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Volunteers in missions struggle back to Vienna

Volunteers in missions struggle back to Vienna

Photo by: Nick Conley

 

Will and Holly Kooi were escorted off a train and barred from reentering the country where they were sent to spiritually serve.

Crossing the Croatian border on foot with only backpacks in hand, the Koois left the European Union and their new home of Vienna, Austria in November, having “drastically overstayed” their time. Now recently back in Vienna, the Koois, Oklahoma Christian University graduates and Helpers in Missions workers, hope to resolve their visa trouble and continue their mission work.

“We were hoping we would be going back under better circumstances, and that everything would have been fixed by now, but it’s only because we’re legally allowed to be back, not because everything has been fixed,” Holly Kooi said.

In May of last year, Will and Holly Kooi arrived in Vienna to assist the current missionaries serving the Vienna, Austria area. As HIM workers, the Koois were to serve two years as apprentice missionaries in overseeing several Vienna mission outreach programs such as the English Kids Club and the Sports Kids Club.

After six months of work with mission programs and living in Vienna, the Koois found that they had been misinformed about the European Union’s visa laws.

“We knew there was a rule that said you can only stay in the E.U. for three months at a time,” Will Kooi said. “And that every three months you’re supposed to stay away for three months.”

However, the missionaries in Vienna, as well as other missionaries in Europe, said there were ways around that rule.

“The missionaries in Vienna heard it from the Austrian government when they came seven years ago that the law is not really enforced,” Will Kooi said. “So all you had to do when you left every three months was just stay away for a couple of days and get your passport stamped and you’re golden.”

This practice is not new.

“That’s what people have done for 20 to 25 years,” Will Kooi said of the loophole. “That’s what we were told to do, so we did that.”

But it doesn’t always work that way, he said.

In August, Will and Holly Kooi’s tourist visas expired, so they left Austria to spend a few days in Croatia, a non European Union nation.

“We stayed away for two or three days, got our passports stamped, went back and everything was great,” Will Kooi said. “It worked fine just like everyone said it would.”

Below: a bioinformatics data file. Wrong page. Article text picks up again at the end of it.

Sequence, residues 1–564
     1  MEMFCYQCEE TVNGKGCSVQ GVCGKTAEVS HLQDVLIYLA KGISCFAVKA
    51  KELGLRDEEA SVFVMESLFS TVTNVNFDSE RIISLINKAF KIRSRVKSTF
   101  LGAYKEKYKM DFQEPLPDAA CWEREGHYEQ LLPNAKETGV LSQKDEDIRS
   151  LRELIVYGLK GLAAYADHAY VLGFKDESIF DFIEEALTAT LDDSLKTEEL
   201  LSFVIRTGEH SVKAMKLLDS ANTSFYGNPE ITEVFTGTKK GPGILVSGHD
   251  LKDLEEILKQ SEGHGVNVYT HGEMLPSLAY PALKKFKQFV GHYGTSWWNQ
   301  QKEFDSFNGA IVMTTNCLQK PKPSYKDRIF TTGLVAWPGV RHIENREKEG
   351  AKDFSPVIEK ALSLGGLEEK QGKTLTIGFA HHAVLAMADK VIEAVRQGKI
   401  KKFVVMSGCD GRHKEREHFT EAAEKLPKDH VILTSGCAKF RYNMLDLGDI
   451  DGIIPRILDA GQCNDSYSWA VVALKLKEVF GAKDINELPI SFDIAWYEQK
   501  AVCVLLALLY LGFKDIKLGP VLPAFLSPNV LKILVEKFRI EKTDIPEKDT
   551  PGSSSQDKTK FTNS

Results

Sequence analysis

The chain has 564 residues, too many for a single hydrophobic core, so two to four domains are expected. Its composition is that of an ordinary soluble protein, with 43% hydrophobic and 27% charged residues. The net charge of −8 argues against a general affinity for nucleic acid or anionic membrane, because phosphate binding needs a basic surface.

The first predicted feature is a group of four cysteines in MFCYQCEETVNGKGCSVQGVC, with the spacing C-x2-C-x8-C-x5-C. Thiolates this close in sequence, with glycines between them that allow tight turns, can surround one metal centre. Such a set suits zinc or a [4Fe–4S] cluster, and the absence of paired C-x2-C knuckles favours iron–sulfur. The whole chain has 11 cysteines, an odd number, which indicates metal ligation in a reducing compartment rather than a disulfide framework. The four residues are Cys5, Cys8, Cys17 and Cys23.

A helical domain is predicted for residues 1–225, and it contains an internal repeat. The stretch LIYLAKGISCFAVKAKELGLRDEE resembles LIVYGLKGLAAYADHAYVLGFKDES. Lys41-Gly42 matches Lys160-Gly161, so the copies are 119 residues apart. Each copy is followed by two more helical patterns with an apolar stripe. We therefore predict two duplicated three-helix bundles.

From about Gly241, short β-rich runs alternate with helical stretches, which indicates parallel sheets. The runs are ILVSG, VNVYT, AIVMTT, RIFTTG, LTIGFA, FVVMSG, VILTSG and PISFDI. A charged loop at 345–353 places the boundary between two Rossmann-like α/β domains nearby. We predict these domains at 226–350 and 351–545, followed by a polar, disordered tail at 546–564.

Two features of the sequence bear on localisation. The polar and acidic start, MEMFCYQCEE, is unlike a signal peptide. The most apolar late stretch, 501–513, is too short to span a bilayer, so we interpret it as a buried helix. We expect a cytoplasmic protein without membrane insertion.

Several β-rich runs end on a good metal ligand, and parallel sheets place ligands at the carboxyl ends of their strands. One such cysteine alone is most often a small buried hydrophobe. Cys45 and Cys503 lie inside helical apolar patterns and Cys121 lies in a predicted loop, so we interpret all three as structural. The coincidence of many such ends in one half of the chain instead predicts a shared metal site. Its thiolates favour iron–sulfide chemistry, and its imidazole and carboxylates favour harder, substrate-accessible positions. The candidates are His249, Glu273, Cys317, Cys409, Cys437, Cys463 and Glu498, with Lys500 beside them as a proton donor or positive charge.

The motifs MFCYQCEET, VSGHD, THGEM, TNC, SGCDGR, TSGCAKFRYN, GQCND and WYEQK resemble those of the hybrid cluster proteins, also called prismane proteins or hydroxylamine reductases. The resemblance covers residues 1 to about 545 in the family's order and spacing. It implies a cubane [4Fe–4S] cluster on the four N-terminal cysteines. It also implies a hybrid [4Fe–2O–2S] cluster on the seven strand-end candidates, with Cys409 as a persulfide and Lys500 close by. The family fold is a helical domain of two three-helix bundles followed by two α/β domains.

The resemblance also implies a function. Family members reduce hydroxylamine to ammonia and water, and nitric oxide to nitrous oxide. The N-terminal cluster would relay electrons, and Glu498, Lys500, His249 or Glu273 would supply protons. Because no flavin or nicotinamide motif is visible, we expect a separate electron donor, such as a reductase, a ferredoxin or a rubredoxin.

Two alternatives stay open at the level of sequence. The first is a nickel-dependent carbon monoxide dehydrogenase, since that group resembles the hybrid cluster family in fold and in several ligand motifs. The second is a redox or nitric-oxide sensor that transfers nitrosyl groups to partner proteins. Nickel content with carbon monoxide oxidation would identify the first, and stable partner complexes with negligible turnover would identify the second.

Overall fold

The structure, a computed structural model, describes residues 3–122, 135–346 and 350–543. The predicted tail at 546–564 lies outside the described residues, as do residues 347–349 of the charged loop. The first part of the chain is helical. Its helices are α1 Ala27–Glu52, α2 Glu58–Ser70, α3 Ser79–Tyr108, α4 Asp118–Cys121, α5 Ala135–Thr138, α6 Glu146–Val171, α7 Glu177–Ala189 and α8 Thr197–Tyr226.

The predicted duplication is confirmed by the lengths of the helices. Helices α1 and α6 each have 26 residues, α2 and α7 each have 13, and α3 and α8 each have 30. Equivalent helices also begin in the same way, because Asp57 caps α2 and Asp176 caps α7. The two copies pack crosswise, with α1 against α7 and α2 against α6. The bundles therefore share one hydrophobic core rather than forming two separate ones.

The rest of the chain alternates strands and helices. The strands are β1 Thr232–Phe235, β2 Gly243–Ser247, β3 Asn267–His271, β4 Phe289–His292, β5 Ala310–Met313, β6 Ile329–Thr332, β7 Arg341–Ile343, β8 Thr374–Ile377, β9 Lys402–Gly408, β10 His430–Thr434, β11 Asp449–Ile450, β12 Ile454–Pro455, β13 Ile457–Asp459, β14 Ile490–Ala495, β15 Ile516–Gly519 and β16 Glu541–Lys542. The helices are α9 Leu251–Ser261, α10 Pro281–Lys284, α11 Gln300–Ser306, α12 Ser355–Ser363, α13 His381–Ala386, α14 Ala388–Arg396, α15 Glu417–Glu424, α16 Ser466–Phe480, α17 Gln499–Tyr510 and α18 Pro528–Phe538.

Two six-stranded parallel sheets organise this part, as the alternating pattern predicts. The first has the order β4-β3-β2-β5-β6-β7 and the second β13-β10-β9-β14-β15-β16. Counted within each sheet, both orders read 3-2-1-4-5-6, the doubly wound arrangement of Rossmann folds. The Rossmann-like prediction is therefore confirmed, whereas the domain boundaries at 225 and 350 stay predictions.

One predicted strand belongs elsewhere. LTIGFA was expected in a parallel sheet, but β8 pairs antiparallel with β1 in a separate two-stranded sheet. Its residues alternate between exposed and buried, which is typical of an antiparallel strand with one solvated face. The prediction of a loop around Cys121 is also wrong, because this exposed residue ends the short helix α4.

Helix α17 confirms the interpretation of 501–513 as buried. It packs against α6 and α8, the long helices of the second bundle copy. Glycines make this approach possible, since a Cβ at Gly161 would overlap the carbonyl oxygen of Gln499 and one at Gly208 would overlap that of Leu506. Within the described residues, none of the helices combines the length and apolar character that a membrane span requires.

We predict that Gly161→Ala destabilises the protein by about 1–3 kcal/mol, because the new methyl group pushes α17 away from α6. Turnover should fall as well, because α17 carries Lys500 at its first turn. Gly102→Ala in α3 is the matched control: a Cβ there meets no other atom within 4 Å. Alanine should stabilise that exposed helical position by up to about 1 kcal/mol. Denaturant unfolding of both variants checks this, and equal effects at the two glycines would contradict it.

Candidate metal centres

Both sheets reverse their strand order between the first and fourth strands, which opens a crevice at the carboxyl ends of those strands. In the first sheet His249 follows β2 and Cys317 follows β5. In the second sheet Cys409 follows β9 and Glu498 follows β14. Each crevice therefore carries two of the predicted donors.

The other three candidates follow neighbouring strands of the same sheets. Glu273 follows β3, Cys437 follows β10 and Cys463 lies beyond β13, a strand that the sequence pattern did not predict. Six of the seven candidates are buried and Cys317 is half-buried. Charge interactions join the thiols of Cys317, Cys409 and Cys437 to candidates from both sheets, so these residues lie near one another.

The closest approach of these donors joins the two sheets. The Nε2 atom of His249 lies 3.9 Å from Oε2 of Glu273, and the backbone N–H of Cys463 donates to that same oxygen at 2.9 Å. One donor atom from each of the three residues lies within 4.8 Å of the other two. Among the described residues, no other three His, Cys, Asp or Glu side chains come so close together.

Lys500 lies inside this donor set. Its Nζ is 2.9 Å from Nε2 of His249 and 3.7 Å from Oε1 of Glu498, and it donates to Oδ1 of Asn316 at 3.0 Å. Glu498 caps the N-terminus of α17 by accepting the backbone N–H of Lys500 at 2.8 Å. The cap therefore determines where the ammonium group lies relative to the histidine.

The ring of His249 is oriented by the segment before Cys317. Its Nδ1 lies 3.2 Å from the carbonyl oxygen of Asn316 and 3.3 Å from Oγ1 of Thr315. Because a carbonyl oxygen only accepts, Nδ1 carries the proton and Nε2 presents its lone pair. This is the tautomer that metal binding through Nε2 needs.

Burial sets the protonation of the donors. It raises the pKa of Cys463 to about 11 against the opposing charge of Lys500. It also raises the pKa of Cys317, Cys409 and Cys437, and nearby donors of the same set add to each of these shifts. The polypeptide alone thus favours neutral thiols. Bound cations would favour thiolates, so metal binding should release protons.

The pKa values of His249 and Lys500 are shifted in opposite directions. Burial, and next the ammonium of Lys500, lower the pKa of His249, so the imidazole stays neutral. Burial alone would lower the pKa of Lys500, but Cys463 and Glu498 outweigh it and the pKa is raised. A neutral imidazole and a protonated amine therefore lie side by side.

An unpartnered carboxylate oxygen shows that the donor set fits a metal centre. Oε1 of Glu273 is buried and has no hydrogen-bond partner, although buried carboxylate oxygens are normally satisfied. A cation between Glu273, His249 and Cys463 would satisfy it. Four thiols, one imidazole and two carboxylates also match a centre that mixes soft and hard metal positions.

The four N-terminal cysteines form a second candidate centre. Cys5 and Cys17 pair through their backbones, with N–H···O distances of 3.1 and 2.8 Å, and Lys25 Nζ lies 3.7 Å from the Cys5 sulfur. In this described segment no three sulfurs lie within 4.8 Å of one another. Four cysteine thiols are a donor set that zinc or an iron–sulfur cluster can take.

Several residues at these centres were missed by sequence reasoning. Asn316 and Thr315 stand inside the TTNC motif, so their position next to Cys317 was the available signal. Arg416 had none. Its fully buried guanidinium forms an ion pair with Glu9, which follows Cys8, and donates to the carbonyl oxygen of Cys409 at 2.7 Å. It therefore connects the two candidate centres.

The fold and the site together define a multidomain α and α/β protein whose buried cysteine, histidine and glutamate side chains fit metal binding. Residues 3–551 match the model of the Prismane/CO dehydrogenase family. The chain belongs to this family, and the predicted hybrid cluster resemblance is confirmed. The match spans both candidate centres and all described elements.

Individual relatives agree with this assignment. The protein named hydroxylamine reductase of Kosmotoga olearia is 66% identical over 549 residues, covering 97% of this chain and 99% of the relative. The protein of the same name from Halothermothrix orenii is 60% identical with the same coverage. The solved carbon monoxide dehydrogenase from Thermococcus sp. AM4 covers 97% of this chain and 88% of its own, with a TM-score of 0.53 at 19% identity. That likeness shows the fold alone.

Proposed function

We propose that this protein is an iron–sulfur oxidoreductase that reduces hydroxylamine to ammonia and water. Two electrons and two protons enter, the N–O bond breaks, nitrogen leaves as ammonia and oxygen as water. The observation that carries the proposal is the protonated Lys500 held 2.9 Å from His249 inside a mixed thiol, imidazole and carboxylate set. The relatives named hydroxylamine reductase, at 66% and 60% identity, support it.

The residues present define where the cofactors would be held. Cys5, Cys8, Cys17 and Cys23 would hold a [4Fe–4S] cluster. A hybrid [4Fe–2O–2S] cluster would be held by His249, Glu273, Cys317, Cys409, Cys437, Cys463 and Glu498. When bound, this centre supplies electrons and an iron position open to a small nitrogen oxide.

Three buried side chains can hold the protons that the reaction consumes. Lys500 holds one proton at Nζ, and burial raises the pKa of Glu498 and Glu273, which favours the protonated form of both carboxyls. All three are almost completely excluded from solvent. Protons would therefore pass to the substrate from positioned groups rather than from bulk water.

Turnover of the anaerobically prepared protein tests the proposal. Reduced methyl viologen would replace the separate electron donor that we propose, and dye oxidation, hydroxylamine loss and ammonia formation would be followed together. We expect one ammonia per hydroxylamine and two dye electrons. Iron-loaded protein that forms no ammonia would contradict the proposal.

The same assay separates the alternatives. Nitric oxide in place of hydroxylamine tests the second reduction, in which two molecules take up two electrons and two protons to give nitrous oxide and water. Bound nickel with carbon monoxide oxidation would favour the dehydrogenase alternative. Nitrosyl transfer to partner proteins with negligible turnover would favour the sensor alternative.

When November came, they thought they could repeat the process.

“This time, for whatever reason, the border guard stopped us and said we overstayed by 85 days,” Will Kooi said. “He said, ‘You’ve drastically overstayed your time in the E.U. so you have to leave.’ We tried arguing with him.”

The Koois were pulled off the train they were on from Croatia to Slovenia, put in the back of a police car and driven in between the Slovenia and Croatia border. They then had to walk across the Croatian border and find a bus to take them to Zagreb, Croatia’s capital city.

After a few days of staying with missionary friends in Zagreb, the Koois realized they had to go back to the United States to work out the problem. So they flew to Washington D.C. and attempted to resolve the issue with the Austrian Embassy.

“We thought that if we went to the embassy we could do a quick fix and get back to Austria within two to three weeks,” Will Kooi said. “But there’s no legal way to do that. We ended up having to wait the three months.”

While waiting in the U.S., Will and Holly Kooi worked with their organization and an Austrian lawyer to find possible solutions, as well as several back up plans, in order to stay in Vienna without leaving every other three months. Once back in Vienna, the Koois will apply for a certain permit that will allow them to stay for a longer, uninterupted time.

The Koois also used their time in the U.S. to study German, plan lessons for the kids clubs and gather English language books to take back for the kids.

Holly Kooi said the toughest part of the visa ordeal was leaving their work right when they were getting into the thick of it.

“We were perfectly positioned to do the work we were going to do,” Holly Kooi said. “We had finally gotten over culture shock. We had finally learned enough German to where we could speak it without being scared. We had just made that jump to hit the ground running, and then we were yanked out.”

The displaced feeling could continue, which often happens when you have two homes as the Koois do.

“Now we don’t know how we’re going to feel when we come back,” Will Kooi said. “If it’s going to be like we never left, or if it’s like starting over again.”

Will Kooi is ready and willing to get back to work with the community he knows in Vienna.

“I’m really excited to sit in my apartment and realize that I’m back in Vienna,” Will Kooi said. “I’m excited to start our programs again, and really do what we were sent there to do.”

Holly Kooi is looking forward to seeing those they left behind.

“The people — that’s what I’m looking forward to the most,” Holly Kooi said. “And being able to be back to what we refer to as home.”

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